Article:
Much ado is being made within ufology these days about statements made by the late Walter Haut, the young lieutenant at Roswell
in 1947 responsible for releasing the "we recovered a flying saucer" press release, to the effect that he saw alien bodies.
He made these claims in an interview with Wendy Connors and Dennis Balthasar in 2000, and again, in much more detail apparently,
in an affidavit he signed for Donald Schmitt and Tom Carey in 2002.
It's much ado about nothing.
recall that Haut vouched for Frank Kaufmann, who was shown to be a fraud, and Glenn Dennis, who similarly has been exposed.
This stuff about alien bodies, long after there was any reason for him to keep it secret, reads as bogus to me. Indeed, I
interviewed Haut and Dennis in 2001 - they sat right next to each other, and Dennis told his story about dead bodies etc.,
and Haut said not a word about it. Don't tell me it was his "oath" either - he had already talked plenty about Roswell, and
broken his oath if he had given such a thing.
It is my considered opinion, which will no doubt make me unpopular in
certain quarters again, that there are three possible explanations for this "revelation":
1. Haut may have been manipulated,
either intentionally or unintentionally, by unscrupulous or careless and untrained researchers for their own ends.
Haut may have told a purposeful tall tale in order to give new life to the Roswell story, which his family still has a financial
stake in. A note here - when I interviewed Haut and Dennis in 2001, they both asked for money, even though I was doing a film
about their old friend, Stan Friedman. It was only when Stan intervened personally that they dropped their request. They are
the only witnesses to any UFO case that I have ever talked to who ever asked to be paid for an interview, and in
my case I was talking to them more about Stan and his career than the Roswell incident itself. Charles Halt, Bruce Bailey,
and Robert Salas, all veterans, made no such request for the recent Best Evidence film, for example.
was simply an old man who had heard so many stories like Dennis' that he came to believe them himself.
The latter is
the most charitable explanation I can come up with.
The fact that he insisted that none of this be released until after
his death should be a red flag as well - it neatly inculcated Haut from having to answer the tough questions about what he
said. As a piece of evidence, this kind of statement is practically worthless regardless of who made it, or the circumstances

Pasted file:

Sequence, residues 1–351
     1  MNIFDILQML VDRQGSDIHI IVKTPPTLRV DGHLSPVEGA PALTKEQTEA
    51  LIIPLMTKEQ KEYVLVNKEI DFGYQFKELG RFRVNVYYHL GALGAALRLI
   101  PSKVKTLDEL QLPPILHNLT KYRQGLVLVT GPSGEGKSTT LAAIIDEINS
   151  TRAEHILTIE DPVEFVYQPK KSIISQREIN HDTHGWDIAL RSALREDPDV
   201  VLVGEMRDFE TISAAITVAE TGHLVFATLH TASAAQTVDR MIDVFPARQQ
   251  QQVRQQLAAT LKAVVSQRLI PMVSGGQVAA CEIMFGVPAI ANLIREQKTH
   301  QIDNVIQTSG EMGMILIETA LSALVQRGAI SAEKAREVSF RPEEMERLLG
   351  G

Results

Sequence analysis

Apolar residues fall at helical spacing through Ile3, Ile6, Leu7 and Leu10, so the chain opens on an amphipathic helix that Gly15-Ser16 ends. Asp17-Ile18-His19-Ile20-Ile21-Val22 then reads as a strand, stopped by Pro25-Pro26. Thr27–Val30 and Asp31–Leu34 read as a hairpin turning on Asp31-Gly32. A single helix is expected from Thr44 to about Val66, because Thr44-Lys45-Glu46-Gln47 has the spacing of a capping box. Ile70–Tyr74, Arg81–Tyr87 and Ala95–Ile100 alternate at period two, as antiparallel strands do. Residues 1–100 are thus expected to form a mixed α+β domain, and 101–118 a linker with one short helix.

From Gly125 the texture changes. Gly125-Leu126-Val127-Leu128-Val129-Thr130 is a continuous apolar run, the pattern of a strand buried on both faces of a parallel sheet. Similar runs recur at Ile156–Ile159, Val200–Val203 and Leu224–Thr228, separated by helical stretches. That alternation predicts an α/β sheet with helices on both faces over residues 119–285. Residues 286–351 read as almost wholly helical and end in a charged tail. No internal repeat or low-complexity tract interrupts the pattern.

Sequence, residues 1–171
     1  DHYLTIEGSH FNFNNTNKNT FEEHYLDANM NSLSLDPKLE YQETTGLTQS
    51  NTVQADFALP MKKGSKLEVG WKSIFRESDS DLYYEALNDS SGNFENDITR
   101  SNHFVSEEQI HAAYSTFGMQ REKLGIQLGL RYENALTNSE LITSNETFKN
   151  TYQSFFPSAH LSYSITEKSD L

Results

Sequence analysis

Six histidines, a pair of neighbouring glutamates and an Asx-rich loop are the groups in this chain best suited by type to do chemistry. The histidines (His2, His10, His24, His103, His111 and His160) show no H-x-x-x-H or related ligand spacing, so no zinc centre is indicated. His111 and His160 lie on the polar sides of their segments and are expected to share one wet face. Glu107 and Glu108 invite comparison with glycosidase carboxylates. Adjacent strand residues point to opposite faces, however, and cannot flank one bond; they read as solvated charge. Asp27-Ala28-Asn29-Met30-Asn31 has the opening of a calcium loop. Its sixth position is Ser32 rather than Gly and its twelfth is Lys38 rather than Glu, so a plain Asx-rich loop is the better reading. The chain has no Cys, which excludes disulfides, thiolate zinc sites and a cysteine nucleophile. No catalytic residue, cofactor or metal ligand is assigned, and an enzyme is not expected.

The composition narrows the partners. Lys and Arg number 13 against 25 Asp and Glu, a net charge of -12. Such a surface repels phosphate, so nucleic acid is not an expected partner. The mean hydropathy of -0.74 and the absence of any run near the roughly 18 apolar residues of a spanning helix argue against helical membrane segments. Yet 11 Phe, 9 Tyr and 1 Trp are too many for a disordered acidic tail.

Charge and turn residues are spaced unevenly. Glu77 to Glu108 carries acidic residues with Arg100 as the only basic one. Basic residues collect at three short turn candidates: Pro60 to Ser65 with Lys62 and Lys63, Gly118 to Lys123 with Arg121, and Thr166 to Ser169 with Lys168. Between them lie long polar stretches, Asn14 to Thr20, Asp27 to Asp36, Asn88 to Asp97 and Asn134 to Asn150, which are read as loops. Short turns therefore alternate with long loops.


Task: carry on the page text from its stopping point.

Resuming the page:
under which it was made, because the person who made it cannot be cross-examined / questioned by independent researchers.
final note - if the affidavit was given in 2002, and Haut died in 2005, why is it only now making the rounds within ufology?
If true, it is indeed an earth-shattering revelation, and yet it was neatly tucked away for well over a year, until (a) Schmitt
and Carey had a book to sell (apparently they had to obtain permission from the Haut family to publish it, but why did it
take so long), and (b) Roswell had a 60th anniversary to celebrate.
Consider those further red flags. Big ones. Because
if aliens on earth really is the biggest story of the millenium, as Stan Friedman is wont to say, then these people deliberately
withheld critical information from the public, for motives that could only be attributed to profit. So much for free and easy
None of this will stop those with financial and emotional interests in Roswell from flogging this story,
probably for years to come, and claiming it as proof of crashed alien spacecraft near Roswell in 1947. Don't be deceived,
folks. It is nothing of the sort.
Name: Paul Kimball
Location: Halifax, Nova Scotia, Canada
After winning multiple scholarships and awards - including University Medals in History at both
Acadia University and the University of Dundee, and the CLB Award at Dalhousie Law School - Paul graduated from Acadia in
1989 with an Honours Degree in History and Political Science, and in 1992 from Dalhousie with an LL.B. After working for the
Nova Scotia Film Development Corporation and Salter Street Films, and as a consultant on film and television to the governments
of Prince Edward Island and Newfoundland, Paul founded Redstar Films Limited in 1999. His work as a producer and director
since includes documentaries for networks including CBC, Vision, Bravo, SCN and Space: The Imagination Station, as well as
the television series The Classical Now. Paul is a member of the Nova Scotia Barristers Society and the Society of Composers
Authors and Publishers. He served as President of the Nova Scotia Film and Television Producers Association from 2002 to 2004,
and is currently a member of the Film Advisory Committee for the Province of Nova Scotia.
Paul Kimball on Facebook
"Paul Kimball's blog is probably one of the best UFO weblogs... Hard to say where Paul stands but I get the impression
that he can be very skeptical of the more absurd claims that are made. He seems to be fair and, contrary to many UFOlogists,
"open-minded". This is a breath of fresh air. Maybe there is hope for some in UFOlogy after all. Check it out." - Tim Printy,
UFOs: A Skeptical View